Find Water and Sanitation expertise in Jamaica
The Ministry of Water, Land Environment and Climate Change coordinates the provision of all water-related services in Jamaica. The National Water Commission (NWC), established under The National Water Commission Act of 1980, is a statutory organisation responsible for providing 190 million potable water and waste-water services and is the only supplier on the island. The NWC is known to operate and maintain over 4,000 km of pipelines and more than 500 km of sewer mains island-wide. Jamaica has many rich water resources but the uneven rainfall distribution creates challenges in providing water to the drier regions of the country.
Other bodies used to discharge the duty of water-related services include the Water Resources Authority (WRA), Rural Water Supply Ltd, the National Meteorological Service (NMS) and the National Irrigation Commission (NIC). The primary law in Jamaica governing the duty of the government in providing water is the Water Resources Act (1995), which came into force in 1996. The Government also promises to have an efficient sewage system for all citizens by the year 2020 to help economic development.
In St Andrews the most recent projects, The Mona Reservoir – which intakes the Hope and Yallahs Rivers – has a storage capacity of 3.67 million cubic metres and is one of the two major water storage facilities located in St Andrews. The other facility is Hermitage Reservoir – which intakes the Ginger and Wag/Morsham Rivers – has a storage capacity 1.78 million m3.
Access to drinking water in urban Jamaica is good with 98% of the population having access to improved water sources (2010). In rural areas this figure is slightly lower with 88% of the population having access to improved water sources and 12% using unimproved sources, a level of development which has not changed over the past decade according to the World Health Organisation and Unicef.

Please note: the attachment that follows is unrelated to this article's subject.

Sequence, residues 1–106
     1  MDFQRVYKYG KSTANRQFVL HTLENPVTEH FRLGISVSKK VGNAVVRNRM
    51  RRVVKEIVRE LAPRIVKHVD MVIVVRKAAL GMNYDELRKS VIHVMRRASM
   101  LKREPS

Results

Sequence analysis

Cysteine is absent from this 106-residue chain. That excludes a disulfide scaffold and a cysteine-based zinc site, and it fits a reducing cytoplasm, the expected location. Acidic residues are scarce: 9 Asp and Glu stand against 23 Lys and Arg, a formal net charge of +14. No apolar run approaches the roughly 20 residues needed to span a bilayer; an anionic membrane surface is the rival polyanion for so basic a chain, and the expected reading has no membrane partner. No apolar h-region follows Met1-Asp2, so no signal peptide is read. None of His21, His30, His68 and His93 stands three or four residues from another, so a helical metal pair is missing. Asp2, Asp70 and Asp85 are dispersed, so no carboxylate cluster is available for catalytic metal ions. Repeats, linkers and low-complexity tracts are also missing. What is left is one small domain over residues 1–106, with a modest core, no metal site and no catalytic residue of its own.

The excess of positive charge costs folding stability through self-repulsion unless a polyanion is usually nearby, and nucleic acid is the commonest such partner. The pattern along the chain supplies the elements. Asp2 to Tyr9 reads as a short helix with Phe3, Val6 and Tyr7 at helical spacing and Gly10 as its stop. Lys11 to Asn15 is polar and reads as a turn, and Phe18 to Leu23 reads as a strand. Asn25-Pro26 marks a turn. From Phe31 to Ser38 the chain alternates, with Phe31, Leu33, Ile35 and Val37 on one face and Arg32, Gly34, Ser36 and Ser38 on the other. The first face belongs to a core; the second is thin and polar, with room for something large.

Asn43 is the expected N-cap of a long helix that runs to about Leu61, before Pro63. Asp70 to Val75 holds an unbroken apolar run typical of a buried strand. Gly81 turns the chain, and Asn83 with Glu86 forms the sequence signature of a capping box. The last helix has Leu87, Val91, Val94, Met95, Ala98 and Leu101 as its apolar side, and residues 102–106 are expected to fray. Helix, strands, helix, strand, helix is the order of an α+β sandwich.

Although access is good there is room for improvement in piping water to homes in Jamaica, in 2007, 30% of people did not have access to water in their homes. Some rural areas rely on unsafe drinking water being brought in on trucks from elsewhere and there is some scepticism about past promises to pipe water to remote and difficult to access rural areas. Bottled water is increasingly popular and there are around 15 companies producing water in Jamaica. Imported water from US and further afield makes the market fiercely competitive.
Unlike drinking water, access to improved sanitation is higher in rural Jamaica where 82% access improved sanitation contrasted with 78% of the urban population. Only 1% of the total population of Jamaica only has access to open defecation sewerage. Fresh water comes from both surface and ground water, being rivers, lakes, streams and springs and water filtered through rocks and sediments. A report compiled by the Statistical Institute of Jamaica (STATIN) in 2005 stated that agricultural activity was causing pollution to fresh water supplies in some areas. Furthermore salt water affected around 10% of water sources and sewage dumped into rivers was also lessening the supply of potable water.
In 2012 the National Water Commission (NWC) announced its Portmore Pipeline Project to improve access and infrastructure to the south Jamaican town with a budget of US$1.2 billion. This is part of a wider development $200 billion programme undertaken by NWC to increase water supply in the country so that by 2020 85% of all Jamaican households will be supplied with water.
Rural Water Supply Ltd runs various projects to improve rural water access including the comprehensive rural upgrading programme, a pilot project to improve rainwater collection and processing along with improvements to tanks and pipelines.
|Water and Sanitation organisations in Jamaica|
|National Irrigation Commission (NIC)||
|National Meteorological Service (NWS)||
|Water Resources Authority||